THE FALLOUT from 34 MBA students at Duke University having been caught cheating on an exam recently has put business education in the limelight once again. Business education hasn’t received this much attention since Enron and WorldCom.
But the criticism and rebuttals have focused once more on whether business ethics can or should be taught. Instead, we should focus on teaching business students who already recognize right from wrong how to act on those values in the business world.
Business-ethics courses spend a lot of time teaching ethical theories and analyzing those big, thorny ethical dilemmas....
Rather than viewing ethics courses as a way to 'fix' unethical students, let’s focus on the majority of students who want to act on their values but are not at all convinced that it’s feasible to do so. In their survey of MBA students several years ago, the Aspen Institute found that the majority believed that they would be asked to do things in their careers that would conflict with their values; that this conflict would be stressful for them; and that they didn’t feel equipped to deal with that choice when it arose. These are not students who don’t recognize ethical choices. They are not even people who don’t want to do the ethical thing. In many cases, they simply don’t know how to do it effectively.
For some, 'effectiveness' may mean that they are not systematically disadvantaged for taking their stand. In the case of those MBAs who cheated on their exam, often the excuse is: 'Everyone is doing it so why should I be disadvantaged in the grading curve by not cheating?'
And for others 'effectiveness' may mean doing the 'right' thing in such a way that it makes a positive difference; that is, they don’t want to take a stand (and perhaps take a hit) against 'cooking the books' if someone else is just going to walk in and do it anyway. For both of these groups, ethics discussions need to be less about what’s right and more about how to change the system, whether that means building a coalition of peers or convincing one’s boss (or professor) that there is a better approach.
And some just don’t have any idea what to say when the boss tells them to adjust their financial analysis before sending it to the client, or when team mates ask them to shift reported expenses from one quarter to the next in order to improve the numbers. They know it doesn’t feel right but it seems to be the norm and they don’t have a script at the ready to use, to slow down the action, to open the conversation, to make room for others to express their concerns, too, if they share them.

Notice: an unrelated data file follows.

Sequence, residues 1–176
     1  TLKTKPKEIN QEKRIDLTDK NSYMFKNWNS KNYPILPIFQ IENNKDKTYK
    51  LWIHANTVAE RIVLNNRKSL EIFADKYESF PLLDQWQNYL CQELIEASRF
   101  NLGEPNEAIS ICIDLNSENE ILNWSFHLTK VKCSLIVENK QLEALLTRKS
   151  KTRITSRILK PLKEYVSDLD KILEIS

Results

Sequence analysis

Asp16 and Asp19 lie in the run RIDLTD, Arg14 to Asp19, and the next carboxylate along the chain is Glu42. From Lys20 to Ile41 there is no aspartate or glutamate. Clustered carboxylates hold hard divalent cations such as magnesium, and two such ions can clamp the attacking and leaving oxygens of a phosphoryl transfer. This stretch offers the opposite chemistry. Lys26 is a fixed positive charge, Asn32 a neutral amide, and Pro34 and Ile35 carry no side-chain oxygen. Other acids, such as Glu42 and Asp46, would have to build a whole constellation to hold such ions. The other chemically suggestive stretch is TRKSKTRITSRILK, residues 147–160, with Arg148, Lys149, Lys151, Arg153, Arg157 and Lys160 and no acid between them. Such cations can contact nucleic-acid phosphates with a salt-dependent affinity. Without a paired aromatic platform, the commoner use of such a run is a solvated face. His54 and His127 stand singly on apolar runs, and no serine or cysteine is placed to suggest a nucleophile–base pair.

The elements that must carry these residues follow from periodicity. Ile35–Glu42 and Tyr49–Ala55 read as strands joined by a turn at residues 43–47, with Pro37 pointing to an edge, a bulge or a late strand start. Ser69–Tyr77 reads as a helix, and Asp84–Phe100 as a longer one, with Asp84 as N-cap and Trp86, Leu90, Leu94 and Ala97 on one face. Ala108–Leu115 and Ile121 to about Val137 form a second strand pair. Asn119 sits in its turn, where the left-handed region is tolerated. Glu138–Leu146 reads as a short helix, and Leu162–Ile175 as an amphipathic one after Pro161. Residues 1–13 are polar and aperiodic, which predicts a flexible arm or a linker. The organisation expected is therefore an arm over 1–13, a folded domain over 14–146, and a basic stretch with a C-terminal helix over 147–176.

In research we conducted for a new curriculum, 'Giving Voice to Values,' sponsored by the Aspen Institute and the Yale School of Management, we have learned five important things:
• Many ethical choices are not really 'dilemmas.' That is, many times the 'right' decision is rather clear.
• Pretty much everybody has stories of times when they have, in fact, voiced and acted on their values, as well as stories of times when they have not. That is, we all have the ability to do both; most of the time, we are not talking about 'good' people or 'bad' people.
• We can learn to voice our values more frequently and effectively if we understand the different factors that enable each of us to do so. That is, for some it may be fear of punishment and for others it may be the chance to make a positive difference. And we are more effective when we build on our individual strengths and 'enablers' than when we focus on our weaknesses.
• Too often, classroom discussions of ethics spend more time analyzing what the 'right' thing to do is and what the rationalizations are for not doing it, than they do on crafting potential action plans and 'scripts' to respond to those rationalizations. This time allocation should be balanced, if not reversed.
• Instead of asking 'what would you do?' ethical-case discussions should ask the question 'what if I were going to act on my values? What would I do and say? To whom? How? In what sequence?'
In my humble opinion, the key point is that most people know what they ought to do in an ethical sense, but don't know how to go about actually doing it.
The commentary does beg the question about why it is hard for people to do what they ought to do. Clearly, in many organizational cultures, there are incentives and pressures pushing people to do what they ought not to do.
However, at least making people aware of these incentives and pressures, and giving them some suggestions to cope with them would be a step in the right direction.
Let's see if any business schools take this advice.
Parenthetically, I should note that there are few, at best, courses for medical students that address the sort of ethical issues that we discuss on Health Care Renewal. I would suspect that none of them are focused on teaching medical student how to do what they ought to do.
But teaching physicians in training not only how to turn down the free coffee mug with the company logo, but to challenge a culture that that emphasizes bringing in external funding over all else, might go a long way to renewing health care.